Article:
Rennie Gabriel
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Martin Beadle

— Founder at Reth!nk.tax. Partnering with individuals and companies who own property to help them achieve extraordinary results. 30 years experience.

Visit Martin’s Website | LinkedIn

The key is to surround yourself with experts, with people who are better at what they do than you are then start working on your own redundancy.

By working on my own redundancy I mean enable the business to function without me; to make myself the least important person in the business.

In my experience, SMEs are typically ‘ego’ businesses –without the owner they don’t operate, therefore without the owner they have no value.

When I need an expert I make sure to define the brief in detail then go find a freelancer who has a demonstrable track record of having delivered the desired outcome multiple times previously.

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The key is to surround yourself with experts, with people who are better at what they do than you are then start working on your own redundancy.

Martin Beadle
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Additional Reading

Ben Nowlan

— Founder | CEO | Entrepreneur

Visit Ben’s Website | Twitter | LinkedIn

Build a process that’s repeatable and scalable by anyone.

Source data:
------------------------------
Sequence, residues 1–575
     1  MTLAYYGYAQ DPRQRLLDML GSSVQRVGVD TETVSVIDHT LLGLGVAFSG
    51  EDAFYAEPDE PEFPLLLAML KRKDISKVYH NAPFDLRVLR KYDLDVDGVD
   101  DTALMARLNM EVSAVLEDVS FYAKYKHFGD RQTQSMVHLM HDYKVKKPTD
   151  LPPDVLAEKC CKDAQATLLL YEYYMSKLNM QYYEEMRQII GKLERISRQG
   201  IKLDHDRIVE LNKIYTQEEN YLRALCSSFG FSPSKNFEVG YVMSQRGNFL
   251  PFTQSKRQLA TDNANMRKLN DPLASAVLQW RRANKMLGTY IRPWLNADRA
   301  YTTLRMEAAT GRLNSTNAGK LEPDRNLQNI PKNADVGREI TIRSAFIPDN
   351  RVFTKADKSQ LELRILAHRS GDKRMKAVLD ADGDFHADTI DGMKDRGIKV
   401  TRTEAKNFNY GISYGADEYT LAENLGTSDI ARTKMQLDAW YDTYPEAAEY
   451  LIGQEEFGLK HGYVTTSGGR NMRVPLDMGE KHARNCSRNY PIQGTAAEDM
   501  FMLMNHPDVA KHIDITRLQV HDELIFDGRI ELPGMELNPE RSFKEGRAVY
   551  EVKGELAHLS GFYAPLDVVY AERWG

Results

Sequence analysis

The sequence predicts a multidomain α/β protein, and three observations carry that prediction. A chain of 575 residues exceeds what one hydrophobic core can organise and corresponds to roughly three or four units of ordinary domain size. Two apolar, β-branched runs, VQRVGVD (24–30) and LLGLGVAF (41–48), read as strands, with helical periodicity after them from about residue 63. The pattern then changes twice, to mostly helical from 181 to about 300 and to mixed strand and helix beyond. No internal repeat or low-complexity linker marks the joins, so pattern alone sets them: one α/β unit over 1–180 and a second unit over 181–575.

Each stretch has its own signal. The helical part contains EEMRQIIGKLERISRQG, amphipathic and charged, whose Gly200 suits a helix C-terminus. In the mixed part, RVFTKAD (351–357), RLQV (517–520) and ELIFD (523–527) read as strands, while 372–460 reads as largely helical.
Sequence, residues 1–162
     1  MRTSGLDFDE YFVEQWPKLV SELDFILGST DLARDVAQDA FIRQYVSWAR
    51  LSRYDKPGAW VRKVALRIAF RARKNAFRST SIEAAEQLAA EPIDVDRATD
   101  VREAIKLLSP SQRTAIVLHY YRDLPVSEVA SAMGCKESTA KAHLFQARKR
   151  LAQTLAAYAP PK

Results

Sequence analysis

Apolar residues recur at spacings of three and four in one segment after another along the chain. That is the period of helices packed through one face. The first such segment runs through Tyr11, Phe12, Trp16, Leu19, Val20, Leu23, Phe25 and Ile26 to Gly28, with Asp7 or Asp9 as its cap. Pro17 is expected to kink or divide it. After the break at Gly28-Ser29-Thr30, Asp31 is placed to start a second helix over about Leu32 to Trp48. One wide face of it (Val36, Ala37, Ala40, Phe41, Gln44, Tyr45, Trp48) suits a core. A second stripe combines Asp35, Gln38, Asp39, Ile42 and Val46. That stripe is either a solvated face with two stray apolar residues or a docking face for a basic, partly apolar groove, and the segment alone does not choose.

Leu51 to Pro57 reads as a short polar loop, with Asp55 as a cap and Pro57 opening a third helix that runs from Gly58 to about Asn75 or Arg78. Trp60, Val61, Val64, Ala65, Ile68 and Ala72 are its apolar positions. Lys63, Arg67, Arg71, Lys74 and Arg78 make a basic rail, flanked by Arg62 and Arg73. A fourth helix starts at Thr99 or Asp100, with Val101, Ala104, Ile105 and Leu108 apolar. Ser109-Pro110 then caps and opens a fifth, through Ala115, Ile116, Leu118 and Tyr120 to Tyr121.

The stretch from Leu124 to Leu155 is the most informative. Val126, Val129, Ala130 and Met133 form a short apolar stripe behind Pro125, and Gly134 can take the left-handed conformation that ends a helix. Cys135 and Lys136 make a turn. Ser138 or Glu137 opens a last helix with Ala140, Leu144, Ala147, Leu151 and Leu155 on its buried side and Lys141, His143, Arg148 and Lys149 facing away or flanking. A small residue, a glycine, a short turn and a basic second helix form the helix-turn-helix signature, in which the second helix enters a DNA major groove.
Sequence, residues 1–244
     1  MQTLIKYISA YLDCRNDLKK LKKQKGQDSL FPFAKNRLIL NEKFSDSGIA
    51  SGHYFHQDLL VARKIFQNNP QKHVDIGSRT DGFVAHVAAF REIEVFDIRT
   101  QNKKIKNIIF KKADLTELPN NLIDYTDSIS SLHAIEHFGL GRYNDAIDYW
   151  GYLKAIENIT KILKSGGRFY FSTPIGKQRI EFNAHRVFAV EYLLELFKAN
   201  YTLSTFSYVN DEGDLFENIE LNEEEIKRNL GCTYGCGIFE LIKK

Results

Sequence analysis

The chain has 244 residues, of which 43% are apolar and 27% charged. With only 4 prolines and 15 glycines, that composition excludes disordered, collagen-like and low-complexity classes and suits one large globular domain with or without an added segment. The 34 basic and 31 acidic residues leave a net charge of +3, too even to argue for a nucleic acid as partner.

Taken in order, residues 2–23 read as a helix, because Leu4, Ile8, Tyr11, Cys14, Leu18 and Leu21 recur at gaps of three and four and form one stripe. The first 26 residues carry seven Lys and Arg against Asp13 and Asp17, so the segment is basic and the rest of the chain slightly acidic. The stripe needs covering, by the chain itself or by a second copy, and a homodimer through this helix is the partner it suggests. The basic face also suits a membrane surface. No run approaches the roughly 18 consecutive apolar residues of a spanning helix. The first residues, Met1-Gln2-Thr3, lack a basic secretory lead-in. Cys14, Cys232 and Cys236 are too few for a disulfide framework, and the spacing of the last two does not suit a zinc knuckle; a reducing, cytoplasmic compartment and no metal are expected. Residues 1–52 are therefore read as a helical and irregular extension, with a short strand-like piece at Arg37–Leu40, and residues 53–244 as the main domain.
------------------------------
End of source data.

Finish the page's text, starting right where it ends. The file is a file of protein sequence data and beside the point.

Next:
Map out customer touchpoints and give them a rating out of ten and ask can I a) improve this and b) automate this.

Many things can be improved or scaled by technology but usually the small businesses owner mindset that traps them into thinning their business can only survive if they do everything.

That’s the difference between successful founders/business owners and others.

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Map out customer touchpoints and give them a rating out of ten and ask can I a) improve this and b) automate this.

Ben Nowlan
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Joshua S. Duncan

— Certified Financial Planner helping executives and families with financial planning and investment management.

Visit Joshua’s Website | LinkedIn

I think most small business owners overlook having solid processes documented to allow new team members to be able to get up to speed as quickly as possible.